“I [Heart] Paris in Cheap Way” is one of many embroidery works currently on exhibit at the Musee d’Art Moderne in Paris. With its bright red heart against a white background (and exclamation of love for the City of Light), this piece stands out in an exhibition titled “T’emoin Hybride,” or “Hybrid Witness.”
Created by Yogyakarta-based artist Eko Nugroho, the exhibition is being extended from the end of March to June because of popular demand.
Arifi Saiman, the coordinator for social and cultural affairs at the Indonesian Embassy in Paris, said having an Indonesian artist show his work in a museum in Paris was a matter of national pride. Eko’s show, the diplomate added, has attracted tens of thousands of visitors.
“Eko is the first Indonesian artist to be featured in a Paris museum,” he said.
Securing a space to display Eko’s work was no small feat, as Musee d’Art Moderne is inundated with works from numerous ambitious, talented artists, according to Arifi. His office tried to book a space for the Keris Exhibition, featuring ancient Javanese knives, at the museum, but it is fully booked until 2014.
Eko, who studied painting at the Indonesian Institute of the Arts in Yogyakarta, is in Paris thanks to the SAM Art Projects, a private initiative established by Amaury and Sandra Mulliez in 2009. Two contemporary artists from developing countries were selected by SAM Art Projects for a scholarship, a five-month residential stay in Paris and the chance to exhibit their work at museums and public spaces.
Among the curators for the project are Hans-Ulrich Obrist, the co-director of the Serpentine Gallery in London, and Fabrice Hergott, the director of Musee d’Art Moderne in Paris.
The white walls of Musee d’Art Moderne’ Chamber 17 are decorated with Eko’s art installations. The mystical sound of the gamelan fills the room, which Eko has covered (including the ceiling, walls, columns and tiles) with murals in baby-blue and white.
The installations feature human figures in the middle and corner of the room, as well as street art graffiti written in English, Indonesian and French, including the words “La Rue Parle,” which means “a speaking street.”
“The street art statements came from my interaction with people in Paris,” Eko said. “I tried to capture everyday life around here as I rode around on my bicycle.”
Eko snapped pictures, then transformed them into “the language of craftsmanship” by “painting” the images by embroidering rayon thread on fabric. About 34 of the embroidered images hang in one corner of the room.
“I like to experiment in multi-media, from painting, drawing and comic illustration to animation, batik and embroidery,” Eko said.
One human figurine with an embroidered face sits with half his body covered in a box that reads “fragile society.” Eko wrote “Generations are mirrors” on one of his murals in an attempt to express the social and political anxiety he feels, and has translated into art.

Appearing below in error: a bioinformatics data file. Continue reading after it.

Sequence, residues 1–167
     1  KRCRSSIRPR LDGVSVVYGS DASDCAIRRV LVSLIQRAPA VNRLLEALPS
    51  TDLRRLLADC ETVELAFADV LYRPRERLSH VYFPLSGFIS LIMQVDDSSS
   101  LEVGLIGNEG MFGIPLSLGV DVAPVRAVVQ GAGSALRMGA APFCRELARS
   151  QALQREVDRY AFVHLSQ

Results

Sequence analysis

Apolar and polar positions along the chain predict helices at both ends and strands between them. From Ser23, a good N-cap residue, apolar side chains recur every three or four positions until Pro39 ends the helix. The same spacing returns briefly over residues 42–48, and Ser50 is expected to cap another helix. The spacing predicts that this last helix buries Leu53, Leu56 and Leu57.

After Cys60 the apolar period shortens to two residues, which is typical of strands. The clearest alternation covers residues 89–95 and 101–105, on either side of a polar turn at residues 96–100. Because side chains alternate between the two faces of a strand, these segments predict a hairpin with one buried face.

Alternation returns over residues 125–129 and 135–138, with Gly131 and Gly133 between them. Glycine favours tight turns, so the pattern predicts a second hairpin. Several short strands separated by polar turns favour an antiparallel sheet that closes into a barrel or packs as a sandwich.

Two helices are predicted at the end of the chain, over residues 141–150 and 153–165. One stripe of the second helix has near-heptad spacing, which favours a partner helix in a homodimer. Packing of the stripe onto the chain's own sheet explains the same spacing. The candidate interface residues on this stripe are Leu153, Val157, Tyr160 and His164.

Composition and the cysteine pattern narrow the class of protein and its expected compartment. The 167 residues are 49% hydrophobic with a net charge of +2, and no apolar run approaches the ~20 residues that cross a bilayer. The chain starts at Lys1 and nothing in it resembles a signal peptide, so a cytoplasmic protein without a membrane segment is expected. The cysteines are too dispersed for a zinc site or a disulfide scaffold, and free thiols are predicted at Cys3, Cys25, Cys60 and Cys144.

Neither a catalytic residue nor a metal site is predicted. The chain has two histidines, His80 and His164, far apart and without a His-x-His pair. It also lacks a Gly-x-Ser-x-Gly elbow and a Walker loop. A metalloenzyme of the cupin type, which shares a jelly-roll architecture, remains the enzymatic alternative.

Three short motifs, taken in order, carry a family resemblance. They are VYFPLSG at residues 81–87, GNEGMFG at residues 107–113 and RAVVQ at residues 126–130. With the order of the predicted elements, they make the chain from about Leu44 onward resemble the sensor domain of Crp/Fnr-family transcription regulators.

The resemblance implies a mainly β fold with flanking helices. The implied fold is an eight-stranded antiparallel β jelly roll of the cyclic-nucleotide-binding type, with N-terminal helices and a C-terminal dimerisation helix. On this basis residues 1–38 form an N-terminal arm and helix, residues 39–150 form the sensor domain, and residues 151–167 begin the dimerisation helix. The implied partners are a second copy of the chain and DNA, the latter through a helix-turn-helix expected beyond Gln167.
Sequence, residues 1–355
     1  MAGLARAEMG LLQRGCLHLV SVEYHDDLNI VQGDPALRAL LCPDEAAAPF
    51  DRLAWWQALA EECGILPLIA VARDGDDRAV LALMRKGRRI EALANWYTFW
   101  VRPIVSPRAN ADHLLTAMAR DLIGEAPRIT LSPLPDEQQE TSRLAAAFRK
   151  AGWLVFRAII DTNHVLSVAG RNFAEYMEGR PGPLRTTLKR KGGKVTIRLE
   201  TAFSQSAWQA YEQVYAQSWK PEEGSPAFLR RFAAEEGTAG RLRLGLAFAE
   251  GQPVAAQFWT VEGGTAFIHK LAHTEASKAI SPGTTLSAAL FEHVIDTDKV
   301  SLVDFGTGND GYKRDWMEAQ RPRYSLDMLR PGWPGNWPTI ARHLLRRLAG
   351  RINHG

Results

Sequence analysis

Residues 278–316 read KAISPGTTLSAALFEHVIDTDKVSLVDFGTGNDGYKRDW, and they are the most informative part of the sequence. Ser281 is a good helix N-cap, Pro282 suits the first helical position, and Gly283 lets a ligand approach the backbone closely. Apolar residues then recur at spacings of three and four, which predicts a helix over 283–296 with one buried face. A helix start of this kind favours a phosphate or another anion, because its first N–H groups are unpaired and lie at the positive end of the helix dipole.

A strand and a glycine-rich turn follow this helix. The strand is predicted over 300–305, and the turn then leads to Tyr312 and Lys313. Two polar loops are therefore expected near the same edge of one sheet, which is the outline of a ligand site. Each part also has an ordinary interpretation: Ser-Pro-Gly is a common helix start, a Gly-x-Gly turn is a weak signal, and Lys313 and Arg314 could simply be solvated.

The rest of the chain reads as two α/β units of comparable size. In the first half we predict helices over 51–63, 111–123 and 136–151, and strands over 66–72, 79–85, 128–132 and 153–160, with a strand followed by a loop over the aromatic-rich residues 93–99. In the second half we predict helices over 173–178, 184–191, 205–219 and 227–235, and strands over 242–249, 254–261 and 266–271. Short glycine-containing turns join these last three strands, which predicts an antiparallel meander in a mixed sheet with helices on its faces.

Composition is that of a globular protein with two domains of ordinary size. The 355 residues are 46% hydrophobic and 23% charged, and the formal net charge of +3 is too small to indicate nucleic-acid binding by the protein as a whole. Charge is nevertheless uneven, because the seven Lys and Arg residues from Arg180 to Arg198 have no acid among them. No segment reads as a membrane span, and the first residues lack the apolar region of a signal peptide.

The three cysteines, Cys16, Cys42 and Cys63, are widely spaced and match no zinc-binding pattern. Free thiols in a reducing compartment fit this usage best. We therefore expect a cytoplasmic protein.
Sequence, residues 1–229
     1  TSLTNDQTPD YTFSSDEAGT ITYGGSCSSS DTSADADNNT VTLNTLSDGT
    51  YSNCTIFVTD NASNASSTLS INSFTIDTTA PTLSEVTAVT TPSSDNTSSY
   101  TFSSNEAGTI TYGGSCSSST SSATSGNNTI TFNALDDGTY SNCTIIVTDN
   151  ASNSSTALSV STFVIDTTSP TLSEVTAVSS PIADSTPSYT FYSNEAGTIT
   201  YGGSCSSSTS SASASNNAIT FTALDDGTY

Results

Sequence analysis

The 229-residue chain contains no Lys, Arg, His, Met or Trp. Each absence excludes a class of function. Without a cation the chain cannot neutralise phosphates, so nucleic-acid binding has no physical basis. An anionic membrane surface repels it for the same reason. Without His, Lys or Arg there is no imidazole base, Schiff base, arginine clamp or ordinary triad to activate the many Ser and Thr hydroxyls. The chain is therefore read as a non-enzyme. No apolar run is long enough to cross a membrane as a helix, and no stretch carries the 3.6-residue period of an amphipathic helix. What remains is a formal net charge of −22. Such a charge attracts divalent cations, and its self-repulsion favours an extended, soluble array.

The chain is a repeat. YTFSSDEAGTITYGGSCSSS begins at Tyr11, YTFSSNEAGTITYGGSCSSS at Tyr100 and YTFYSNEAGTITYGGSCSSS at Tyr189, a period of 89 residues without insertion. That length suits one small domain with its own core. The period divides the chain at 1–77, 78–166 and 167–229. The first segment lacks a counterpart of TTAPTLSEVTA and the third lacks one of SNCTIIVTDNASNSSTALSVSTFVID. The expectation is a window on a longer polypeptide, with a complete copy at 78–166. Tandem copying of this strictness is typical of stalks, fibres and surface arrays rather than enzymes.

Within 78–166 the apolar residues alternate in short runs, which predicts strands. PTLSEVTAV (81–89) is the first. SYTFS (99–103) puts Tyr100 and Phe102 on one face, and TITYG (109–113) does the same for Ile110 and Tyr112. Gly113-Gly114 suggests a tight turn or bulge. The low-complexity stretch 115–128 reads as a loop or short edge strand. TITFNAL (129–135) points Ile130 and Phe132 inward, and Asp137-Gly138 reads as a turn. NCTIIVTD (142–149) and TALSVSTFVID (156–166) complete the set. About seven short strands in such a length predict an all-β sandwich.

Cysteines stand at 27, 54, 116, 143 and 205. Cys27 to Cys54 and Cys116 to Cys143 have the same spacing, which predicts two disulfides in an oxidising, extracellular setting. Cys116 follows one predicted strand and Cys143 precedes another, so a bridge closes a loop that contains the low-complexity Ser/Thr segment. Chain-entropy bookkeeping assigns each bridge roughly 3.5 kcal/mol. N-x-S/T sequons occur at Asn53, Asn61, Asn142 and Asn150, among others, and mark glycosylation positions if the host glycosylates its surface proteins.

Eko presents images of city streets, tourists and Parisians, and incorporates a critique of France’s political fragility, especially in the context of upcoming presidential elections. Messages of political stirring may have a special appeal to young Indonesians. “This is what my street art project is all about,” Eko said.
This is Eko’s seventh residential stay since his first stint at Amsterdam Graphics Atelier in 2004. The 34-year-old artist has since resided in cities across the globe to create and display his art, including in New Orleans, The Hague, Helsinki, Brisbane and Taipei.
Some of Eko’s works are now on display in museums worldwide, including the Tropen Museum in Amsterdam, the Asia Society Museum in New York, the Gallery of Modern Art in Brisbane, Haus der Kulturen der Welt in Berlin, Artoteek Den Haag in The Hague, Cemeti Art House in Yogyakarta, Akili Museum of Art in Jakarta, the Singapore Art Museum and the Contemporary Arts Center in New Orleans.
But this year marks the third time Eko has had his works exhibited in Paris. In 2009, he participated in a show at the Veduta Project as part of the 10th Biennale de Lyon. He also worked with Louis Vuitton in 2010, where he has since been a regular. Last year, Eko was among 11 Indonesian artists to have their work displayed at the Louis Vuitton gallery located above its boutique on the Champs-Elysees in Paris.
The gallery holds exhibitions of contemporary artists from around the world every five months. In the exhibition last year, film director Garin Nugroho was among the Indonesian artist taking part. He presented a video about the dramatic changes taking place in Java.
Other Louis Vuitton stores have also displayed Eko’s artwork, including last year in Hong Kong and this year in Singapore.
Arifi said his office at the embassy was working on getting more Indonesian artwork exhibited in French museums. He also wants to see French artists featured in Indonesia.
At the moment, Eko is busy working to prepare his solo exhibition in Berlin, which is scheduled for April 17-29. Titled “Threat With a Flavor,” the exhibition will feature some of the embroidery works from “Hybrid Witness.”
The exhibition at Musee d’Art Moderne in Paris runs through June 10.